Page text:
The case for BIAS
I have been reading websites on how to interpret analyst valuations and recommendations. From what I’ve read, there’s always a warning that the recommendations can be biased based on a number of reasons and investors should thoroughly read the disclosures, do their own research, etc. There are many reasons why the analyst could be biased or have “conflicts of interest”, I have listed out the ones that I found from the SEC (U.S. Securities and Exchange commission):
- Investment Banking Relationships—When companies issue new securities, they hire investment bankers for advice on structuring the deal and for help with the actual offering. Underwriting a company’s securities offerings and providing other investment banking services can bring in more money for firms than revenues from brokerage operations or research reports. Here’s what an investment banking relationship may mean:
- The analyst’s firm may be underwriting the offering—If so, the firm has a substantial interest—both financial and with respect to its reputation—in assuring that the offering is successful. Analysts are often an integral part of the investment banking team for initial public offerings—assisting with “due diligence” research into the company, participating in investor road shows, and helping to shape the deal. Upbeat research reports and positive recommendations published after the offering is completed may “support” new stock issued by a firm’s investment banking clients.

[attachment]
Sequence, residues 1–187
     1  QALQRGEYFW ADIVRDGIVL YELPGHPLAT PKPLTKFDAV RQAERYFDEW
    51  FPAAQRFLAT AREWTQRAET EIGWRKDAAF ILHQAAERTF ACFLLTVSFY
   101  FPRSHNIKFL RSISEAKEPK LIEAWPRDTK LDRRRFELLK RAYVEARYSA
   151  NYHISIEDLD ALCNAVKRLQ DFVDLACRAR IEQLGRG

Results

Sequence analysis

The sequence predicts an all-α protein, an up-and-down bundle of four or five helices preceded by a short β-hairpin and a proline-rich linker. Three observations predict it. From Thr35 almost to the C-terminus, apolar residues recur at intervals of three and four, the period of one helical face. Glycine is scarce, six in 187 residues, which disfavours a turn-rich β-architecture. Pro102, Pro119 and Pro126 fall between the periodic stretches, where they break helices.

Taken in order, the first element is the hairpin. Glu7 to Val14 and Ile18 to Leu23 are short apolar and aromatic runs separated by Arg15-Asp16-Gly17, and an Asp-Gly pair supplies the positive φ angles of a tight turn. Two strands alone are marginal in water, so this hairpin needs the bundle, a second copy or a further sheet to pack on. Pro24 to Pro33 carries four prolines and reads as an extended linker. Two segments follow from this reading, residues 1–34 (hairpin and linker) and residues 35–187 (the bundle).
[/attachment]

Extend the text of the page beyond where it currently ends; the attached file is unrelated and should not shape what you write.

- Client companies prefer favorable research reports—Unfavorable analyst reports may hurt the firm’s efforts to nurture a lucrative, long-term investment banking relationship. An unfavorable report might alienate the firm’s client or a potential client and could cause a company to look elsewhere for future investment banking services.
- Positive reports attract new clients—Firms must compete with one another for investment banking business. Favorable analyst coverage of a company may induce that company to hire the firm to underwrite a securities offering. A company might be unlikely to hire an underwriter to sell its stock if the firm’s analyst has a negative view of the stock.
- Brokerage Commissions—Brokerage firms usually don’t charge for their research reports. But a positive-sounding analyst report can help firms make money indirectly by generating more purchases and sales of covered securities—which, in turn, result in additional brokerage commissions.
- Analyst Compensation—Brokerage firms’ compensation arrangements can put pressure on analysts to issue positive research reports and recommendations. For example, some firms link compensation and bonuses—directly or indirectly—to the number of investment banking deals the analyst lands or to the profitability of the firm’s investment banking division.
- Ownership Interests in the Company—An analyst, other employees, and the firm itself may own significant positions in the companies an analyst covers. Analysts may also participate in employee stock-purchase pools that invest in companies they cover. And in a growing trend called “venture investing,” an analyst’s firm or colleagues may acquire a stake in a start-up by obtaining discounted, pre-IPO shares. These practices allow an analyst, the firm he or she works for, or both to profit, directly or indirectly, from owning securities in companies the analyst covers.
The SEC is the primary overseer/regulator for U.S. securities markets. They’re supposed to protect investors! Please educate yourselves by reading the entire link that I’ve provided above.
Personally, I think this is a very tough job because people go above and beyond for money and some find questionable/illegal ways to do this at the expense of others. The stock market is zero-sum game, meaning that when someone gains $1,000, someone else will lose $1,000.